To flower or to die!
The adaptation to the weedy opportunistic life-style through the evolution of the FLOWERING LOCUS T genes in Amaranths
RNDr. Helena Štorchová CSc., DSc.
(Institute of Experimental Botany)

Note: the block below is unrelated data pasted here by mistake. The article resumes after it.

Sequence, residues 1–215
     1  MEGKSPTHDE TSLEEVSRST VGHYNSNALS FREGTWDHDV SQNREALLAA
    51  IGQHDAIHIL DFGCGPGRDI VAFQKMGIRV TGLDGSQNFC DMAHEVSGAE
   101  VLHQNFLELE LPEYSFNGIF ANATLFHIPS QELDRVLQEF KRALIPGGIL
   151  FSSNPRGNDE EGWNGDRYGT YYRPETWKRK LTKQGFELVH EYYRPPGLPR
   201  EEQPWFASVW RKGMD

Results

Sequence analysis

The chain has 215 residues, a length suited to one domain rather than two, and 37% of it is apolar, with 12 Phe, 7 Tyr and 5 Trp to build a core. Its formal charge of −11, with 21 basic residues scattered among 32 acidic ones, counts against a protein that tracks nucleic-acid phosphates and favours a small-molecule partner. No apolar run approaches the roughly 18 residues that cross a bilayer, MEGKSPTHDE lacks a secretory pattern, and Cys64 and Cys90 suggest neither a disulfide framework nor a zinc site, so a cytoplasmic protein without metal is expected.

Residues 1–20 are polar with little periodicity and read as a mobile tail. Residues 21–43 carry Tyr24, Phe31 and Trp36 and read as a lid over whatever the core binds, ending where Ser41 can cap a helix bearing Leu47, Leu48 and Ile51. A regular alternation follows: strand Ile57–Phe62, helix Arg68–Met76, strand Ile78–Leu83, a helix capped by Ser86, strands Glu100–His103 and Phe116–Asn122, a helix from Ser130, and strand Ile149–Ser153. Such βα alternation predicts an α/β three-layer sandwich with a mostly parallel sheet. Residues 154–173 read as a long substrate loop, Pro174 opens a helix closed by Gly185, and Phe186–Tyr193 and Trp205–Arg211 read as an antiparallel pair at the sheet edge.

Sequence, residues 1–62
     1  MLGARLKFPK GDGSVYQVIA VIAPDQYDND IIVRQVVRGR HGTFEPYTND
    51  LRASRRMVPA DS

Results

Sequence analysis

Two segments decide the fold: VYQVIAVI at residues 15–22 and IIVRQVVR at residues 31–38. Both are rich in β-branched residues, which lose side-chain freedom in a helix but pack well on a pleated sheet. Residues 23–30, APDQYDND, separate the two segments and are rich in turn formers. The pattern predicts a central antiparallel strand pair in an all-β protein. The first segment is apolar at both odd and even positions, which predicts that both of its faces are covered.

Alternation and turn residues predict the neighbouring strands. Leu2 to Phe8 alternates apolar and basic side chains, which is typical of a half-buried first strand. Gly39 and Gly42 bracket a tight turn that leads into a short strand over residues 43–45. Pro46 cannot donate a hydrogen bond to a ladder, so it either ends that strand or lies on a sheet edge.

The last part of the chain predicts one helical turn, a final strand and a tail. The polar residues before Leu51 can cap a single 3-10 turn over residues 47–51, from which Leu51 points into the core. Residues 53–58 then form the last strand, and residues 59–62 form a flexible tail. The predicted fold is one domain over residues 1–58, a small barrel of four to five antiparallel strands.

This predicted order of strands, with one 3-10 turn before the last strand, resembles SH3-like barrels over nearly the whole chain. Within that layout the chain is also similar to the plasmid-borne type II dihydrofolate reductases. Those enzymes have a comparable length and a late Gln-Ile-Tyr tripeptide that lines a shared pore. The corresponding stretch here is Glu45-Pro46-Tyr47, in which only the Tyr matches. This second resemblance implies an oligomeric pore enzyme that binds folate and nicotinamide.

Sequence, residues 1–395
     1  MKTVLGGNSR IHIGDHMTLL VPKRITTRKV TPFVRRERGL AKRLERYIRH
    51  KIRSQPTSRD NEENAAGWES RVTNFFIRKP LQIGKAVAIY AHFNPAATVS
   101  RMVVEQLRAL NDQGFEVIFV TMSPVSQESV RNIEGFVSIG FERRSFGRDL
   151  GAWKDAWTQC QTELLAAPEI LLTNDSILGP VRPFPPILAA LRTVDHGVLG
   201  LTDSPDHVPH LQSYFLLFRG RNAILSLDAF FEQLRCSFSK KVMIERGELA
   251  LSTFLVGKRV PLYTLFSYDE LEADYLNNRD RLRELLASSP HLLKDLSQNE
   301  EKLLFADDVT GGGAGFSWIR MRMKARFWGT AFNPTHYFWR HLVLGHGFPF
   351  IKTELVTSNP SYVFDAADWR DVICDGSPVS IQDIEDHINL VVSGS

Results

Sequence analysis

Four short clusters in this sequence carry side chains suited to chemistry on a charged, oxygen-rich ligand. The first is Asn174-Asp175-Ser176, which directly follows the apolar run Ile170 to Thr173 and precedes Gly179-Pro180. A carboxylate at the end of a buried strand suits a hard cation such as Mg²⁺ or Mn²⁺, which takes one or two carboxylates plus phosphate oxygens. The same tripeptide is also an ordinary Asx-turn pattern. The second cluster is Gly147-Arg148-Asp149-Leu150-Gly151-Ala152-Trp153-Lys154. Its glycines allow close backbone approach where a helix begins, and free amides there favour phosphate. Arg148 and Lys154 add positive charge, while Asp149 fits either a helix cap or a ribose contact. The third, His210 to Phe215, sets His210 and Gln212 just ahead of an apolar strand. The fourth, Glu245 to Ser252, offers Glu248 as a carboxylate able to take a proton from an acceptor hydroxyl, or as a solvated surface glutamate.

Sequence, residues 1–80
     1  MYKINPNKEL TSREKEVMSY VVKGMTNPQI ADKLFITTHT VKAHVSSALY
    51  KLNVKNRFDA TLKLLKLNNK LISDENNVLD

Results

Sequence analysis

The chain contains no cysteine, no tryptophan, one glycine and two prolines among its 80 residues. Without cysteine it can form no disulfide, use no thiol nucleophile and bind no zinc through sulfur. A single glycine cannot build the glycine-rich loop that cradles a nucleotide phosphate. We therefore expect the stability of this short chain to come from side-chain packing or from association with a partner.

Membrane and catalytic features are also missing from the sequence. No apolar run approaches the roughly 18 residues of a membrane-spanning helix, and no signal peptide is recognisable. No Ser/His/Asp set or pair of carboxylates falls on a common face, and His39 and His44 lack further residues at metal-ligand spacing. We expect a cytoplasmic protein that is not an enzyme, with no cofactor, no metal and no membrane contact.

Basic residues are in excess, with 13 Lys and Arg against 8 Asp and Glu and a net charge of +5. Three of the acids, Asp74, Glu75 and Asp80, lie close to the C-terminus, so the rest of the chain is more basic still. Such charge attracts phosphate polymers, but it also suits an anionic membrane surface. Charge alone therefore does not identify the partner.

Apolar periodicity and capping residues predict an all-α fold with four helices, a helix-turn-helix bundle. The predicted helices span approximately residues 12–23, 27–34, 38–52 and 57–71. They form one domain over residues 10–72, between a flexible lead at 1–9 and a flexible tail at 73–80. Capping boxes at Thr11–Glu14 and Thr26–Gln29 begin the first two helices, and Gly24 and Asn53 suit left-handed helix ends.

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The decision to flower is an essential commitment in plant life. The intricate web of regulatory pathways is integrated by the FLOWERING LOCUS T (FT) gene. Whereas detailed knowledge about the control of flowering is available for Arabidopsis, much less is known about other angiosperms. Amaranths are weedy opportunistic plants, which have to use any good chance to reproduce, otherwise they die without progeny. The precise fine-tuning of their floral induction was achieved by the multiplication and functional diversification of the FT genes. The first FT duplication occurred around the origin of Amaranthaceae and generated FTL1 and FTL2 genes. Whereas the first copy retained its conserved structure and function of the floral activator, the FTL2 gene underwent prominent changes, including exon acquisition, additional duplications or losses, and functional diversification. Thus, it became a versatile toolkit in the hands of evolution, enabling the adaptation of annual fast-cycling amaranths to the variable environment.
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